Conscious Sedation in the ER

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taz628, BSN, RN

Specializes in ER, Step-Down. Has 2 years experience. 90 Posts

we use pretty much every drug mentioned in this post - etomidate, versed/fentanyl, ketamine, and PROPOFOL (that's our main one - love using that drug!). Always have code cart nearby, usually have EtCO2 being measured, ER attending must be present while nurses give medications. We have a special chart with VS Q5min and we track heart rhythm, SpO2, level of sedation, respiratory rate, etc etc.... All of us have ACLS/PALS (duh) and in a moderately large level 1 trauma center, there are plenty of hands around if need be. Most sedations tend to be done in the trauma bay when possible so line carts, airway carts, etc are close at hand. I hate ketamine for kids though, I much prefer using propofol on them. Also, our ER is working on bringing back nitrous oxide, which is a conscious sedation per hospital protocol, but the docs want that changed. We'll see how that argument pans out.



Has 9 years experience. 18 Posts

I live and work in Nevada and under our state BON, RNs may administer medication for the purpose of induction of short-term therapeutic, diagnostic or procedural sedation. There is no limit on the type or route of the medication. There are several pages of documentation required for each procedure including q 2-5 minute VS during procedure and extensive post-procedural monitoring. RT is at the bedside, crash cart at bedside, MD at bedside, usually at least one RN at bedside. Sometimes there are 2 RNs (if you are lucky); one for documenting and the other for administering the medication and monitoring.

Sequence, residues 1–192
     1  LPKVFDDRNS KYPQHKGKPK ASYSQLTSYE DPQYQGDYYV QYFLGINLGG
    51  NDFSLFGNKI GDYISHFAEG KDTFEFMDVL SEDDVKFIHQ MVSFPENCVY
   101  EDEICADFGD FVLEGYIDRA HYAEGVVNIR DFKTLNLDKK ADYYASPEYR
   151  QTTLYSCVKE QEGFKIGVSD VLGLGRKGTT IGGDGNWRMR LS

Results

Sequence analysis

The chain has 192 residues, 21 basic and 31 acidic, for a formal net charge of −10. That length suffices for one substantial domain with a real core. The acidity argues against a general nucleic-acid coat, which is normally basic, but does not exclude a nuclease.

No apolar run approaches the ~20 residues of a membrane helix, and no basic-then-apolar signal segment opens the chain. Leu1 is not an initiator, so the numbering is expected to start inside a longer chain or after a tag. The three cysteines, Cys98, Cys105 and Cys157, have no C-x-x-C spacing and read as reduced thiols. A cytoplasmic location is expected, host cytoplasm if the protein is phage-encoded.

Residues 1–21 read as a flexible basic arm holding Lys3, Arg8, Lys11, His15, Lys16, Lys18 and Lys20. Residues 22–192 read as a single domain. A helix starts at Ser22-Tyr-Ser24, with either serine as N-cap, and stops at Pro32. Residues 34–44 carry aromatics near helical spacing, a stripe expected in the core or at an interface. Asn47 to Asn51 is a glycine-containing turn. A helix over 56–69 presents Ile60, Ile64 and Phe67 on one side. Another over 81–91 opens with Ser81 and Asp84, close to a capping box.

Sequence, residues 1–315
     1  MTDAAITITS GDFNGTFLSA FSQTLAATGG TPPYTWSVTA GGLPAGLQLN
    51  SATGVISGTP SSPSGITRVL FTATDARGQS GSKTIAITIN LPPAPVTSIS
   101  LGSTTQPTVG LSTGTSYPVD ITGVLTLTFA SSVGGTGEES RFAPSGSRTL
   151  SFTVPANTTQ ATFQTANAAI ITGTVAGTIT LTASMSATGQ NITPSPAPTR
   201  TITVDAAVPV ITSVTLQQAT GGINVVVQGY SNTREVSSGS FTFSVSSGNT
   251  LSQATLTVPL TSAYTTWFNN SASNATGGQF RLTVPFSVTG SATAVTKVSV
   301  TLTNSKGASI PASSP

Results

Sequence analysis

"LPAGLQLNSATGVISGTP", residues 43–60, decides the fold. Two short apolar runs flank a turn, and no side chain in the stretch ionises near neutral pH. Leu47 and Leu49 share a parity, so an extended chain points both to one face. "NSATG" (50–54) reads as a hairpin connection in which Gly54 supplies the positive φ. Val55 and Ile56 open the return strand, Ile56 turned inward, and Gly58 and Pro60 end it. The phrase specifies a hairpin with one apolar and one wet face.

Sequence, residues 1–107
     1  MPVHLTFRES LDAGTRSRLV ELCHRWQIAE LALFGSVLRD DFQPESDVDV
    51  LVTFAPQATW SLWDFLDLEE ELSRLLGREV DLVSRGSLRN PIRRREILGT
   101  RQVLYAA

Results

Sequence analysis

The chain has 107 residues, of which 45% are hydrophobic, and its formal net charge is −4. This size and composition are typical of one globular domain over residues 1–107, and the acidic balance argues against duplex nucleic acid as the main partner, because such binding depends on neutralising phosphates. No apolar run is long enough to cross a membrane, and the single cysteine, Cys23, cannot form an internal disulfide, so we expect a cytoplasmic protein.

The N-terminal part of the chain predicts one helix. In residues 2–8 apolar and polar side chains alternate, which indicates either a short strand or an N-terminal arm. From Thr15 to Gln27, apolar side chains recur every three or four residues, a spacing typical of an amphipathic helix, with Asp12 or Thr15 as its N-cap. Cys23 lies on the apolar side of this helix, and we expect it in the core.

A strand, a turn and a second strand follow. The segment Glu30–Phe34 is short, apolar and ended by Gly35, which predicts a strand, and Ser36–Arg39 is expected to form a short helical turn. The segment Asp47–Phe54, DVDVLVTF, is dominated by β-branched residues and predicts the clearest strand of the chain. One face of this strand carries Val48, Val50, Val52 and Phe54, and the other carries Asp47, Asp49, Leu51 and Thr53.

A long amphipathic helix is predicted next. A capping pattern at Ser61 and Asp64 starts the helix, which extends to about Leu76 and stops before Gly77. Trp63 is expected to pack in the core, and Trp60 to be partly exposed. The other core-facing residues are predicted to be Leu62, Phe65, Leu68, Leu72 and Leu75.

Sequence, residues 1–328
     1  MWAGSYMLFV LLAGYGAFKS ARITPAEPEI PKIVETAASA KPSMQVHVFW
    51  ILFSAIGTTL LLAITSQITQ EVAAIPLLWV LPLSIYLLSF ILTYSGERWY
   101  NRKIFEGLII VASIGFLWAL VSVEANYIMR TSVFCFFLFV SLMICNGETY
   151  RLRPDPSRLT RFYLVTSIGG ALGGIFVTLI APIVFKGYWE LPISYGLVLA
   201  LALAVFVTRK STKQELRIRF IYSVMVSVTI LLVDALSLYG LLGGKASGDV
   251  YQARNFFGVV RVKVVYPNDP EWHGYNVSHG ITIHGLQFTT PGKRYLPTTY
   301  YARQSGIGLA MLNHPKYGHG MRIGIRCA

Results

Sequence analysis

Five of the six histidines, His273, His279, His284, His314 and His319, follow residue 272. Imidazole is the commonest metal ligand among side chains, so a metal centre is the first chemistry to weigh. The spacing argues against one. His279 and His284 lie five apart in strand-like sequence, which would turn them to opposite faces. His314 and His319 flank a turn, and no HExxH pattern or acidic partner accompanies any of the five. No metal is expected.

I would have to say propofol is the drug of choice in our department. Etomidate and Versed are also pretty common. Fentanyl is usually given as well for pain control. I do not see ketamine as often, usually only in peds cases. Ketamine is such a creepy drug to give, and I have seen pts freak out after waking up. I love propofol, especially when it seems to act as a truth serum in some patients. They say the funniest things when they are coming out of it.



353 Posts

iv fentanyl and versed is what i've always used. both short acting enough to get a procedure done and good recovery, in addition to reversal/metabolism on the chance there is a problem.

etomidate could only be pushed by an md or crna b/c it is an anesthetic.

Edited by JStyles1



Specializes in Pediatric Emergency Medicine/Trauma. 28 Posts

I work in a very busy pediatric ER and we commonly use Ketamine and Versed for conscious sedation. Ketamine alone often has nasty side effects, using the versed helps to lesson the reactions (hallucinations, screaming, crying, etc).

We monitor VS q5min, utilize CO2 monitors, and have an attending physician present during induction. Although it's a lot of work for the nurses, it does mean less trips to the OR and an easier time for the children.


gardengal1, ASN, RN

Specializes in ED only. Has 25 years experience. 82 Posts

We do conscious sedation fairly often. Adults with dislocations - Etomidate and Versed, sometimes adding Morphine or Dilaudid when there is a lot of discomfort with the reduction - sometimes just Etomidate alone because it clears the system quickly and the person is back awake very shortly. This is a 1:1 procedure and RN must be in the room continuously for one hour post-drug or , if the pt is still very sedated, until they are awake and back to baseline. It CAN be a very time-consuming procedure but most of the time, one hour and you are done and can leave the room. Children - don't do many of these - have used IM Ketamine and IM atropine but each child is unpredictable in how long this drug will stay in their system and ties up a nurse with continuous monitoring until they meet discharge criteria.

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